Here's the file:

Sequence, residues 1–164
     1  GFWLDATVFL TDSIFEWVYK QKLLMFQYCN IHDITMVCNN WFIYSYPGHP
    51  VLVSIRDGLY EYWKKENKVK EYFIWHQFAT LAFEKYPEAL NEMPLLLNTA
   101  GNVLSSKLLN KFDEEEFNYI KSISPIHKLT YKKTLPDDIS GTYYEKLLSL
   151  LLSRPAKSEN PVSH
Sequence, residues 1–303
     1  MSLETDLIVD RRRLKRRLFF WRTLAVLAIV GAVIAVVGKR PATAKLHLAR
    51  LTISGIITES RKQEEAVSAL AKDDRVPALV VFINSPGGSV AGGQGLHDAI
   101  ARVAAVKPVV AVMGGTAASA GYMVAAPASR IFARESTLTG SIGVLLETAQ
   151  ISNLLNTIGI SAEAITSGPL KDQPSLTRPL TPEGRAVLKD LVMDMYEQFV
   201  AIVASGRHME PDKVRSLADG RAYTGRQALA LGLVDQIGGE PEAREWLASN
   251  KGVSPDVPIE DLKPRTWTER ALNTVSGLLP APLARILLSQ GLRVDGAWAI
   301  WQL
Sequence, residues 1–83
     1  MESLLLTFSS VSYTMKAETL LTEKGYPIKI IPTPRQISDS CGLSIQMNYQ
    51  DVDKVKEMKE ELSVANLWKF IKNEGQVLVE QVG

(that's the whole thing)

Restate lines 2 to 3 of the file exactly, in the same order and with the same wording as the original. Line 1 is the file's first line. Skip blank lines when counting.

     1  GFWLDATVFL TDSIFEWVYK QKLLMFQYCN IHDITMVCNN WFIYSYPGHP
    51  VLVSIRDGLY EYWKKENKVK EYFIWHQFAT LAFEKYPEAL NEMPLLLNTA